BOLT receiver locks
Patrick Rall's picture

A review of the BOLT receiver lock featuring one key technology

I recently found that the receiver lock on my Dodge Ram 1500 Quad Cab was getting harder and harder to deal with when I was changing my hitch receiver so I began shopping around for a new lock. I was first introduced to the BOLT products at the SEMA Show with their “one key lock technology” and considering how handy their product appears – I picked one up for my own truck.
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For those who have not heard of the BOLT products before, their locks do not come with keys but rather, you code the locks to your car or truck so that there is no need to carry an additional key – your factory car or truck key operates the BOLT lock.

How the BOLT receiver lock (and all of the other BOLT products) works is surprisingly simple. When you open the package, you insert the desired key from your car or truck into the key hole and turn the key 180 degrees. After that, your new BOLT receiver lock is coded to your key and from there – it operates like any other receiver lock except instead of using a provided key, you use the key from your vehicle. This cuts down on the amount of clutter on your keychain while also removing one less tiny key to keep track of and it really is that simple.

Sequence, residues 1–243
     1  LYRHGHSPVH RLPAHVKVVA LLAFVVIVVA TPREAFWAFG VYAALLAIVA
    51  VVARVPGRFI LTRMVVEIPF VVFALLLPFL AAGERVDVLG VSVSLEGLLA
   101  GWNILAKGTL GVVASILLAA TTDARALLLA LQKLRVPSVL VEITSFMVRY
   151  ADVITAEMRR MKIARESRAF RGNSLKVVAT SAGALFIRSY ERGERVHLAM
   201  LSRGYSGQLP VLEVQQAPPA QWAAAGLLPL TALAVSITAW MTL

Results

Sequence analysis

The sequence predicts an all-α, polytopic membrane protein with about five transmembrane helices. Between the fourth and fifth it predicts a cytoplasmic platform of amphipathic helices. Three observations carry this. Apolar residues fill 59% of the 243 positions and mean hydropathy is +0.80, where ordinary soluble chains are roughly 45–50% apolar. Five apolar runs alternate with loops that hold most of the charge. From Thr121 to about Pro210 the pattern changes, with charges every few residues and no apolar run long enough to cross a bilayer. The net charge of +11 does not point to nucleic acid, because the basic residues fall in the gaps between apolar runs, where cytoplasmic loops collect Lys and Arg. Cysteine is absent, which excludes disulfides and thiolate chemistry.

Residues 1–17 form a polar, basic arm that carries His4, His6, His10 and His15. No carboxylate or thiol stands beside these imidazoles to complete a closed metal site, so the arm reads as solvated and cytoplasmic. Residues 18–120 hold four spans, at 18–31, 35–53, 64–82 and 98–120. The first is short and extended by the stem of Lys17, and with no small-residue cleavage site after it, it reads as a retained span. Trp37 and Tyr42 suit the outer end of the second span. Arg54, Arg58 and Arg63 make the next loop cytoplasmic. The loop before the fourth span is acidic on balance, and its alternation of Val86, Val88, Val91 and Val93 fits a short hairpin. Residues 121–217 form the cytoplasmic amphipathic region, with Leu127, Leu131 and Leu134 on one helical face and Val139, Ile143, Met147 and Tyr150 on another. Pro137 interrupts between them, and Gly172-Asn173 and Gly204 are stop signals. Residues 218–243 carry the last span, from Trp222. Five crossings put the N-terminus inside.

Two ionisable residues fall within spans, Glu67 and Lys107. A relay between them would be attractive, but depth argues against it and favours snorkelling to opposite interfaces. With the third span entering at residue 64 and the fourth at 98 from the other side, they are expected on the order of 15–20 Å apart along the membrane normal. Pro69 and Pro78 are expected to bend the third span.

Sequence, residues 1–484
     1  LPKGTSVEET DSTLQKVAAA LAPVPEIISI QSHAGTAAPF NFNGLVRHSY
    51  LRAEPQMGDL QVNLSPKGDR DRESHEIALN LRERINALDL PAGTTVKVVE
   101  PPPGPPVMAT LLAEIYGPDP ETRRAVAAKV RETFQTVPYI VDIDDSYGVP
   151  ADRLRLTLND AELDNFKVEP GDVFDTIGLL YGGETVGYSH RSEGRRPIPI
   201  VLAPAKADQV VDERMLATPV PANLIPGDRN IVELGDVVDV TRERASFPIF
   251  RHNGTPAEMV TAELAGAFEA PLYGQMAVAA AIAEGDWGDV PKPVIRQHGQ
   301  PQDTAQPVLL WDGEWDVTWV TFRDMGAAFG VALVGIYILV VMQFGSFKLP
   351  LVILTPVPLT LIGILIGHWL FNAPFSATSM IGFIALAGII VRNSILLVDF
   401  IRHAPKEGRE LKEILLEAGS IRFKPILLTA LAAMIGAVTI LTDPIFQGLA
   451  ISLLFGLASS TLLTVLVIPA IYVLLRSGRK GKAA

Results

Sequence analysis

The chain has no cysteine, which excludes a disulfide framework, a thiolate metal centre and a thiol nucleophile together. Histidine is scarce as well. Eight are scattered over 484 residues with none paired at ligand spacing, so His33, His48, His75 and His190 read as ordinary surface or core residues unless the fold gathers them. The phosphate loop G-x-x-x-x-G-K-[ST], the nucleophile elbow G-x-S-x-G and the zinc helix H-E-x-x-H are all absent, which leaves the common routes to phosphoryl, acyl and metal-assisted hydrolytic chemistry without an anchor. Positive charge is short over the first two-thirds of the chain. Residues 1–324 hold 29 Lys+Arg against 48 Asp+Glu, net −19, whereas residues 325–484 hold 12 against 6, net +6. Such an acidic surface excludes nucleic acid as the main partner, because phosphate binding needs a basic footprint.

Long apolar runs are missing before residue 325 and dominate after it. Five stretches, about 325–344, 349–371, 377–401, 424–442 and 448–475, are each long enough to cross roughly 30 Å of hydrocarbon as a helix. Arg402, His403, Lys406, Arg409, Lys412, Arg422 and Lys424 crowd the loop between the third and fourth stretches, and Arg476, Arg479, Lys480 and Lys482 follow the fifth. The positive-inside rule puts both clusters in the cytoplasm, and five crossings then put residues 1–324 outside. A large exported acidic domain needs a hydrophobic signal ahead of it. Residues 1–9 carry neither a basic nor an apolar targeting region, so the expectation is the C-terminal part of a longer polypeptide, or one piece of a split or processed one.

One other complaint that I had with my previous receiver lock in addition to having to keep track of a tiny key was using that tiny key in cold weather. On a few occasions, I have had to change the hitch on my truck in sub-zero temperatures and that tiny, sharp edged key was quite the hassle to operate in the cold – especially after a few years of operation by the old lock. That traditional receiver lock came with a rubber dust cover that I used religiously but over time, the lock got harder and harder to operate. BOLT locks are built with a similar internal design to those locks found on the doors, trunk lid or tailgate locks of production vehicles and BOLT locks follow the exact same requirements that are expected of the locks on every new car and truck sold in the USA. This means that the BOLT receiver lock is just as resistance to dirt, dust and moisture as the exterior locks around the vehicle and to take the level of protection one step further - the BOLT lock also has a rubber dust cap that protects the cylinder from the elements.

Finally, the BOLT receiver lock has a massive head in which it houses the automotive grade cylinder so it is much easier to get ahold of than the tiny locking head on the previous name brand lock that I was using on my truck. I suspect that this - combined with the larger key – will make the BOLT receiver lock easier to use once Detroit’s cold winter weather hits.

The BOLT 5/8” receiver lock carries a retail price in the $38 range so it cost slightly more than my previous receiver lock but based on the simple fact that I can use my normal truck key to open the lock – the price is well worth the convenience.


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